Pregnant women appear to be at a higher risk of Covid-19 infection, researchers reported.
The study, which was published Tuesday, shows the Covid-19 infection rate among pregnant women in Washington state was 70% higher than in similarly aged adults in the state. It also found that rates of infection among pregnant women of color were two to four times higher than expected.
"Pregnant women were not protected from COVID-19 in the early months of the pandemic, with the greatest burden of infections occurring in nearly all racial/ethnic minority groups," the researchers wrote in their report, published in the American Journal of Obstetrics & Gynecology.
For the study, the research team gathered data from 240 pregnant Covid-19 patients in 35 hospitals and clinics, which account for 61% of the state's annual births, from March through June 2020.
"Our data indicates that pregnant people did not avoid the pandemic as we hoped that they would, and communities of color bore the greatest burden," said Dr. Kristina Adams Waldorf, an ob-gyn with the University of Washington School of Medicine and the report's senior author.
According to the study, the Covid-19 infection rate in pregnant women in the state of Washington was 13.9 out of every 1,000 deliveries, compared to an overall rate for 20- to 39-year-olds in the state of 7.3 out of 1,000.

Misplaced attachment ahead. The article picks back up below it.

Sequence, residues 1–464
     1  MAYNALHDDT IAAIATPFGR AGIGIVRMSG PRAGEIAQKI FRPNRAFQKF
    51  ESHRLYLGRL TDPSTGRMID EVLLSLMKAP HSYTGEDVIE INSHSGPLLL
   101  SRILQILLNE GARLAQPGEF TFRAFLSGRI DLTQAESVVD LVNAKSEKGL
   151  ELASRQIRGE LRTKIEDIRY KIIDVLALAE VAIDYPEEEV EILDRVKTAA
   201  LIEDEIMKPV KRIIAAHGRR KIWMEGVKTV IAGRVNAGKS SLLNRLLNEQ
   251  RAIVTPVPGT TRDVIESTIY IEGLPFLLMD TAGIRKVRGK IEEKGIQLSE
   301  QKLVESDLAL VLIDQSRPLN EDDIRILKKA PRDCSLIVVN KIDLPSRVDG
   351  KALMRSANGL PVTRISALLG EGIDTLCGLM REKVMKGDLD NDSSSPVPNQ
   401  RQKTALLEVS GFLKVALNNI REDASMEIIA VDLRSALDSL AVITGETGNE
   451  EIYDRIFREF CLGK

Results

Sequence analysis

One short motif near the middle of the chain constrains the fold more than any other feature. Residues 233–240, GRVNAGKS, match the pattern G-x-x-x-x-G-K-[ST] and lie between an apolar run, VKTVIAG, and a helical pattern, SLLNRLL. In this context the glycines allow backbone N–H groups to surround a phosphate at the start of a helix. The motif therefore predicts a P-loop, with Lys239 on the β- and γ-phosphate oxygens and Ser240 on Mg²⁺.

"Higher infection rates in pregnant patients may be due to the overrepresentation of women in many professions and industries considered essential during the COVID-19 pandemic — including healthcare, education, service sectors," lead author Dr. Erica Lokken said in a news release.
The researchers suggest that pregnant people should be broadly prioritized for Covid-19 vaccination.
"Pregnant women are written out of the allocation prioritization in about half of U.S. States. Many states are not even linking their COVID-19 vaccine allocation plans with the high-risk medical conditions listed by the [Centers for Disease Control and Prevention] —which include pregnancy," Waldorf said.